In an article from the University of Chicago, July 17, 2020, it is stated that
"Judging cosmic distances from Earth is hard. So instead, scientists measure the angle in the sky between two distant objects, with Earth and the two objects forming a cosmic triangle. If scientists also know the physical separation between those objects, they can use high school geometry to estimate the distance of the objects from Earth."
That seems straightforward, except for the fact that high school geometry only works in flat space where the angles enclosed by a triangle add up to precisely 180 degrees. In a curved universe, a triangle can enclose either more or less than 180 degrees. Unless the curvature is known, triangulation shouldn't work reliably in a curved space.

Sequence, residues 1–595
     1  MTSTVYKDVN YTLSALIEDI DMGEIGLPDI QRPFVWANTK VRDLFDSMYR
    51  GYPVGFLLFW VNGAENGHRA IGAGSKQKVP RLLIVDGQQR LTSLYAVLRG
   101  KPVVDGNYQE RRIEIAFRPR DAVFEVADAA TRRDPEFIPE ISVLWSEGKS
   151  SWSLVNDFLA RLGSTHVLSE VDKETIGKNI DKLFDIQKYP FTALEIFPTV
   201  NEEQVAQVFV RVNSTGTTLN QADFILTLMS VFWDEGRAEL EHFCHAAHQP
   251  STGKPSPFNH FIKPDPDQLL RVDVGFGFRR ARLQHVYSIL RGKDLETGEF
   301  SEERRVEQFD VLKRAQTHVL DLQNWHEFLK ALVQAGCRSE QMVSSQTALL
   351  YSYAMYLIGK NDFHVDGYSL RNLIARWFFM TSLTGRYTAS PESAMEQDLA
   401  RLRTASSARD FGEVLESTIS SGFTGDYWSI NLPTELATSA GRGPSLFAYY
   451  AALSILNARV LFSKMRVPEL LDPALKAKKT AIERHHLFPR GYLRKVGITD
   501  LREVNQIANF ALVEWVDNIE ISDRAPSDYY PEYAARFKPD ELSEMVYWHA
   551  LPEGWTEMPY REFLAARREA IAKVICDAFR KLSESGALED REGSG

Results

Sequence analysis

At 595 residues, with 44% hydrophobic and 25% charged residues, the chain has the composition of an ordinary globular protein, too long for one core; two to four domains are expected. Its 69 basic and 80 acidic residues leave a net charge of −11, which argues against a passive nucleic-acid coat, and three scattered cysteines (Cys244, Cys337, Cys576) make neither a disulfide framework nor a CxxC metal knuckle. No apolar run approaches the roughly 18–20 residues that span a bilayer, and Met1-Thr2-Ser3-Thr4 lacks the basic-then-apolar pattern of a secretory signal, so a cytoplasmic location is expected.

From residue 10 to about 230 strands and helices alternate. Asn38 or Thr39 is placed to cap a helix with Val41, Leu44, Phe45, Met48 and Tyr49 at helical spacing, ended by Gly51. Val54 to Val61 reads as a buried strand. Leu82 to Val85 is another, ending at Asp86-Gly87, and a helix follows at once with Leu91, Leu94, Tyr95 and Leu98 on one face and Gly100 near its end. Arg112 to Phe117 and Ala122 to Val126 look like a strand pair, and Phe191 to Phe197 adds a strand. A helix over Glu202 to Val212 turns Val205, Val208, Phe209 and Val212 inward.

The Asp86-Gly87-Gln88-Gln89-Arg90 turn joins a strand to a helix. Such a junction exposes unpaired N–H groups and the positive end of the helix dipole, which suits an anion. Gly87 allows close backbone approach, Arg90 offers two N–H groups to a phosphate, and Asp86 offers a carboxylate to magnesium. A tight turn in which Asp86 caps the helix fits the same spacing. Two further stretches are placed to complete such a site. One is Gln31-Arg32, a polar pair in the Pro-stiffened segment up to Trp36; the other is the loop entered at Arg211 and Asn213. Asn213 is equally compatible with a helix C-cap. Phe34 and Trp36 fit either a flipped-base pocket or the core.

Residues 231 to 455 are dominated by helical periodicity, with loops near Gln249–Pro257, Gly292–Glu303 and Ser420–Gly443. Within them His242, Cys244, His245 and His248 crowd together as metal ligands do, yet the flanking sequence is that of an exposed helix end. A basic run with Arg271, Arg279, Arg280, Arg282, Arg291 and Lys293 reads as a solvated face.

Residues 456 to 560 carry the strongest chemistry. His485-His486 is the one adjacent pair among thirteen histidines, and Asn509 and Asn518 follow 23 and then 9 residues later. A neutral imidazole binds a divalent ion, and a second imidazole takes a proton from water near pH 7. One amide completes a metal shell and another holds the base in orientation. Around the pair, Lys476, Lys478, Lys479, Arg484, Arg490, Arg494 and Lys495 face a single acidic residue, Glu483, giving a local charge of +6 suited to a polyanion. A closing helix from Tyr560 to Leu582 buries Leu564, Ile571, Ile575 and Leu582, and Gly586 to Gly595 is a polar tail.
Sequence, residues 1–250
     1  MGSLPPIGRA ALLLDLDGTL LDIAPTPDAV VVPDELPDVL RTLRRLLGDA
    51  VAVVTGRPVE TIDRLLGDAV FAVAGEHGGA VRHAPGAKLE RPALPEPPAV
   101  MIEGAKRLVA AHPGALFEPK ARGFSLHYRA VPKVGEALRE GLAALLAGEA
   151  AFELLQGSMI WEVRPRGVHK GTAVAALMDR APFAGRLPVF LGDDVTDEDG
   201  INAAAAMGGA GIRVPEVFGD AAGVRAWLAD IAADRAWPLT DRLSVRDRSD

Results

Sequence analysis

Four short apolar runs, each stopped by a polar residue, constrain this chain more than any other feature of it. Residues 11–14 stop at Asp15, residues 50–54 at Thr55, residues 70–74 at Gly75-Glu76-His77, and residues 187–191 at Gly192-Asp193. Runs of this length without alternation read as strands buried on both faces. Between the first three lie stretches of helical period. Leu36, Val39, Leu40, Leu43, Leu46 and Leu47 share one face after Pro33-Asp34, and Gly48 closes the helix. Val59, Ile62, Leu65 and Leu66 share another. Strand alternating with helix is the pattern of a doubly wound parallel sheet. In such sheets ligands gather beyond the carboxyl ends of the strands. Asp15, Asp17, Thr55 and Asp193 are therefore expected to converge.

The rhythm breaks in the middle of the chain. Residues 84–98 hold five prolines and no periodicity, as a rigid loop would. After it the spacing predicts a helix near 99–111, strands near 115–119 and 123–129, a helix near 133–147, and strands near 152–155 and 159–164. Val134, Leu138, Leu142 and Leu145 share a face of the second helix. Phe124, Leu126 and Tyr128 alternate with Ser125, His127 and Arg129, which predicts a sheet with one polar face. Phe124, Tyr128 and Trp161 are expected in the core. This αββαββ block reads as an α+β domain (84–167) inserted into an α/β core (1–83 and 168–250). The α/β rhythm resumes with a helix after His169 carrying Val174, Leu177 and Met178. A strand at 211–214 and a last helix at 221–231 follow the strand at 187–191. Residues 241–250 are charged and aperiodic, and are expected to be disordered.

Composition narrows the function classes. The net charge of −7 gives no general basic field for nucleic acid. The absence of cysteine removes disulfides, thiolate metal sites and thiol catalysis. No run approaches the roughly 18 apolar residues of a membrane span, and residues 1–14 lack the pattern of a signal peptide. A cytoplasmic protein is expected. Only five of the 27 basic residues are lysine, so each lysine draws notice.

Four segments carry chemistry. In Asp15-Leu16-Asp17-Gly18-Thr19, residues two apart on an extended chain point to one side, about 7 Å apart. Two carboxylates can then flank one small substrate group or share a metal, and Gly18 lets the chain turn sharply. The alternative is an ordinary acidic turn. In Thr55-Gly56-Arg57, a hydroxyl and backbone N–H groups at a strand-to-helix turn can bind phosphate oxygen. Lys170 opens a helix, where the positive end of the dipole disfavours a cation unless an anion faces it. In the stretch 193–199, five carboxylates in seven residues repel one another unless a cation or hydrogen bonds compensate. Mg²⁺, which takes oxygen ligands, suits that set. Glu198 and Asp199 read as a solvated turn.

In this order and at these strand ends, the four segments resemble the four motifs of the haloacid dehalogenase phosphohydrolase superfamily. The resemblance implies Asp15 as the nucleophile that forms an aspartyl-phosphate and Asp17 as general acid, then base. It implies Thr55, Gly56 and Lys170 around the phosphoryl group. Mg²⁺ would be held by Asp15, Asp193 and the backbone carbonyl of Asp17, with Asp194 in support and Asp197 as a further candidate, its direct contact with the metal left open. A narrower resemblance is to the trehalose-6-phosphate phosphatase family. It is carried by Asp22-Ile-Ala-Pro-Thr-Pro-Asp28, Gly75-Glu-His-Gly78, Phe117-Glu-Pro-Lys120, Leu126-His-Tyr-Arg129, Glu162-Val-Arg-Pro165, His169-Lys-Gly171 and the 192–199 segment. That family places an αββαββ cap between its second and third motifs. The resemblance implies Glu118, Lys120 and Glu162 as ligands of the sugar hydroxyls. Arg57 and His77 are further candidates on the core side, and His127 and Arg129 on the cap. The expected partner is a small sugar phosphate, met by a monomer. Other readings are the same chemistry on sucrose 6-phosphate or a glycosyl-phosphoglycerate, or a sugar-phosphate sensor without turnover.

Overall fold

So my question is: in measurements of the Hubble Constant by the triangulation method, what assumptions are made about curvature of the universe? And, how well-founded are those assumptions?